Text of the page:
Hundreds of Maine fishermen and their families protested offshore windmills in Augusta Wednesday.
Local fishermen say they’re under attack, and that offshore windmills could ruin their industry and put them out of work.
“Today’s really our opportunity to plead for public support,” Maine commercial fisherman Christopher McIntire said. “We need the support of the state of Maine in order to save our historical fishing grounds from being bought up by oversea companies.”
Maine fishermen are fighting against a proposed offshore wind farm. It would be made up of 12 windmills covering about 16 miles of federal water in the Gulf of Maine.
It would be the first floating wind project of its kind in the U.S., but those in the industry fear it would take over their fishing grounds.
“It would actually put my husband out of work,” Phippsburg resident Melissa Wallace said. “That’s all he knows.”
“If the windmills go in that takes up some of the ground, it pushes, it’s a ripple effect, guys on the outside are coming further in which affects the smaller guys in the long run,” protester Lisa Moore said.
Here's more, from News Center Maine:
Governor Janet Mills, a strong supporter of offshore wind power as a source of renewable energy to address climate change, has also proposed a site farther offshore for a “research array” of multiple floating wind platforms. The combination of those proposals has fishermen worried their livelihoods are at risk from the unknown effects of large wind turbines on marine life.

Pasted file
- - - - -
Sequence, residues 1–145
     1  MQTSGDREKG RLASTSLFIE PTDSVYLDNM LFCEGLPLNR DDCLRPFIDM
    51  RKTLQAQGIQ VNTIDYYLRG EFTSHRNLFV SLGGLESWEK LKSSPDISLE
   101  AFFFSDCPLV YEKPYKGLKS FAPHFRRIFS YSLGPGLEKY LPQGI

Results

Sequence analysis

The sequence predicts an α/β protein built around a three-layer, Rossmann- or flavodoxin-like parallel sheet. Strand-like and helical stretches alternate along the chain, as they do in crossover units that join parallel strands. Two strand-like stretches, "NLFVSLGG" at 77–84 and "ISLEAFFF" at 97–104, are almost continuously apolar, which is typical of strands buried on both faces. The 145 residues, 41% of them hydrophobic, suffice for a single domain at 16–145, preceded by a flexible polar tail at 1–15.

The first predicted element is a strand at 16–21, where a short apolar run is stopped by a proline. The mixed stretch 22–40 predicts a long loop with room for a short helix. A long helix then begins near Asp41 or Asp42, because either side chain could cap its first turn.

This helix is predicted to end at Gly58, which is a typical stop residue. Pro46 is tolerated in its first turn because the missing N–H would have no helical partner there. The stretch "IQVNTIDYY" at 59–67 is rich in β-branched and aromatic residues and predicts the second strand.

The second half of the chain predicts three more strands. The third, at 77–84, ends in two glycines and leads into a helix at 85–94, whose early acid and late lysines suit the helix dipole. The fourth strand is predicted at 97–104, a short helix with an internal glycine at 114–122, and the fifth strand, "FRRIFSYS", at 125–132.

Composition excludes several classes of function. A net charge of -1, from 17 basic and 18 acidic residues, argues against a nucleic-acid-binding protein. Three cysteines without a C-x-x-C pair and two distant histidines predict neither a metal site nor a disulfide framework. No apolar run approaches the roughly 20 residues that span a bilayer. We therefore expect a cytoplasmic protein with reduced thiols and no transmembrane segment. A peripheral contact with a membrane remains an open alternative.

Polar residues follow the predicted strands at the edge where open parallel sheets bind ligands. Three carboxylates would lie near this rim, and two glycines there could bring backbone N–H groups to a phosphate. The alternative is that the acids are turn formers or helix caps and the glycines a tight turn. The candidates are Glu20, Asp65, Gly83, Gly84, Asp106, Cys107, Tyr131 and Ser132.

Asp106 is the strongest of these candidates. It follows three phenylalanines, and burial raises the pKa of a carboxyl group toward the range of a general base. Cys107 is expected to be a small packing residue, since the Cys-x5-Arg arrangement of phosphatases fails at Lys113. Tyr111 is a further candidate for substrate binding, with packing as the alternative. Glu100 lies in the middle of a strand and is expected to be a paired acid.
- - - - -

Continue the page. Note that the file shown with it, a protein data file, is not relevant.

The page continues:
Rep. Billy Bob Faulkingham (R-Winter Harbor), who is also a lobsterman, is sponsoring a bill in the Legislature to block all offshore wind development.
“I fully support green energy, I’m a huge advocate for green energy, and all on board with carbon-free energy. But these windmills on the ocean are anything but green, and a terrible idea for Marine,” he said.
Faulkuingham said the heavy use of concrete, metal, and fiberglass to make the platform and turbine—which he said will weigh 10,000 tons—all require significant use of energy and resources.
Now, local fishermen are taking their oppositionone step further:
More than 60 commercial fishermen and their supporters testified Tuesday in favor of a bill that would block any attempt to develop offshore wind projects anywhere along the Maine coast.
The bill would prohibit any state agency from permitting or approving any offshore wind energy project regardless of its location. It was introduced by Rep. Billy Bob Faulkingham, R-Winter Harbor, a commercial fisherman, and co-sponsored by eight other Republican lawmakers.
The testimony on L.D. 101 from lobstermen, their families and town officials from fishing communities drew a clear line in the sand: Any offshore wind development, they told told lawmakers on the Energy, Utilities and Technology Committee, would threaten the very survival of their iconic industry and way of life.
Jeffrey Alley, a fifth-generation fishermen from Jonesport who said he grew up on a lobster boat, said the inevitable disruption or prohibition of fishing activity near wind projects would be devastating.
“I want to protect my family’s fishing heritage and ensure the future of our fishery for generations to come,” he said in a written statement.